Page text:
Several participants mentioned the cognitive demand and strain on memory, suggesting the need for adjustments in game dynamics. Some expressed the desire for more time to read instructions or felt that the game escalated too quickly, leading to frustration and boredom. A participant commented, "The range of dishes gave clues, but generally the game escalated too quickly to four tables and mixed orders."

Several participants highlighted the importance of inclusive design, considering the needs of different user groups. Recommendations included accommodating various screen sizes, providing options for auditory cues, and ensuring that instructions are clear and accessible to all users, regardless of their technological proficiency. A participant suggested, "Make your program sense the size of the user's screen so that your pictures fit on it.”


Leaf Café provides a feasible and acceptable method for assessing cognitive function, offering an engaging and ecologically relevant approach. Participants reported positive experiences with the module, finding it acceptable, easy to use and navigate. Crucially, the scores from the module demonstrated small but significant correlations with scores obtained from a traditional cognitive screening tool, indicating its potential utility in detecting cognitive impairment.

Our study capitalises on the ability to offer an interactive immersive environment to participants that can be used on their own personal computers. In contrast, past studies exploring older adults’ acceptability of virtual reality was limited to fully-immersive VR platforms [41, 42] that require specialised hardware and technical support. By designing a module that is supported by most web browsers, we have been able to recruit a larger sample for the current study. This is in contrast to the smaller sample sizes (N < 30) evident in existing studies on VR assessment, which make it hard to generalise conclusions from these studies more broadly [23,24,25]. Furthermore, studies based on novel immersive VR platforms offer unfamiliar and heavy setups that may cause discomfort and motion sickness [43]. Comparatively, this study was able to capture the positive experiences of both younger adults and older adults to validate the feasibility of Leaf Café module for cognitive screening. Additionally, our study revealed possible age-related differences in recognition among the menu items. Whilst there was a generally high level of recognition, certain food and beverage items exhibited variability in recognition rates across different age groups. Perhaps incorporating a pre-selection section, where participants engage in a recognition task for various items, could inform the selection of items used in the game. This approach would not only enhance the relevance and effectiveness of the module but also allow for the consideration of cultural differences in exposure to different food items. These adjustments would contribute to refining the module and addressing potential age-related differences in recognition rates..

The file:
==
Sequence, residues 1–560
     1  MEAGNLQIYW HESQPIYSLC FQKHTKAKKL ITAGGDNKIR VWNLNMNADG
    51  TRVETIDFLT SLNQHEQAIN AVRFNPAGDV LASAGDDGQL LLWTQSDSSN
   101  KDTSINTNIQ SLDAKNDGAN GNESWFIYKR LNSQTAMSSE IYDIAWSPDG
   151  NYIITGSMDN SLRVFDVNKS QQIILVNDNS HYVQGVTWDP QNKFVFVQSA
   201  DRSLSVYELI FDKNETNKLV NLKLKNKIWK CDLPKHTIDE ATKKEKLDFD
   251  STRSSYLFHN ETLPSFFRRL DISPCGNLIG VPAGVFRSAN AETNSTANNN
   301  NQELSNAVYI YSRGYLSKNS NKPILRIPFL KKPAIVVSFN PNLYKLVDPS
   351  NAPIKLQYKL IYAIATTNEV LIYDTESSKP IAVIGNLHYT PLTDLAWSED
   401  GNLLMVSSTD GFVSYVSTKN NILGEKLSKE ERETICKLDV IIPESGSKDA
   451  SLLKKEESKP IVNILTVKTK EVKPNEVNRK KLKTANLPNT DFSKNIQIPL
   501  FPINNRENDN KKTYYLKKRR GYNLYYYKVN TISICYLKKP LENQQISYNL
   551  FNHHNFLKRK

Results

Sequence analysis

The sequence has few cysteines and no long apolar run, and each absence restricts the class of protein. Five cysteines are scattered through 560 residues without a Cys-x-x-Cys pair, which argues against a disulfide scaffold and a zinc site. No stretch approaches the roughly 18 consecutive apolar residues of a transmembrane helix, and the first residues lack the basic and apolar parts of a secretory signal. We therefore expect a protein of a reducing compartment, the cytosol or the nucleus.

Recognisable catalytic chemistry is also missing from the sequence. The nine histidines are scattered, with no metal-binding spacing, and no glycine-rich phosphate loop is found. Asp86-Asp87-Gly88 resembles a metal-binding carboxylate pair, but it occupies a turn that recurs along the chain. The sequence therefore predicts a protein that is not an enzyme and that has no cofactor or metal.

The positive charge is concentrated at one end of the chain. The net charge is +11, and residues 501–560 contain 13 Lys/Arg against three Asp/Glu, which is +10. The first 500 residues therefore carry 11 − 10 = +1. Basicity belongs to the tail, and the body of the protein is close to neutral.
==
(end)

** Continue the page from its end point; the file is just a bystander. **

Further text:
Existing pen-and-paper-based cognitive screeners often deviate from real-life scenarios, reducing the ecological validity, thus hampering their ability to predict functional impairment [44]. The Leaf Café module is modelled on a natural setting, providing increased ecological validity, which improves the generalisation of findings to real life [45, 46]. Additionally, the module enables the collection of a wider variety of data, collected in real-time, which can increase the sensitivity of the screener to discriminate differences in participant performance when compared to conventional cognitive screening tools [32, 47]. Being software-only and not hardware dependent, our tool is relatively easy to customise for specific populations even within the same module and session or addition of screeners and tasks. Our results suggest that participants enjoyed the virtual reality environment and saw its potential as an early cognitive assessment tool. These findings provide a foundation for future research using different computerised environments to assess cognition, though accurate and sensitive detection of changes in cognitive status remains an area for further study in the field of VR.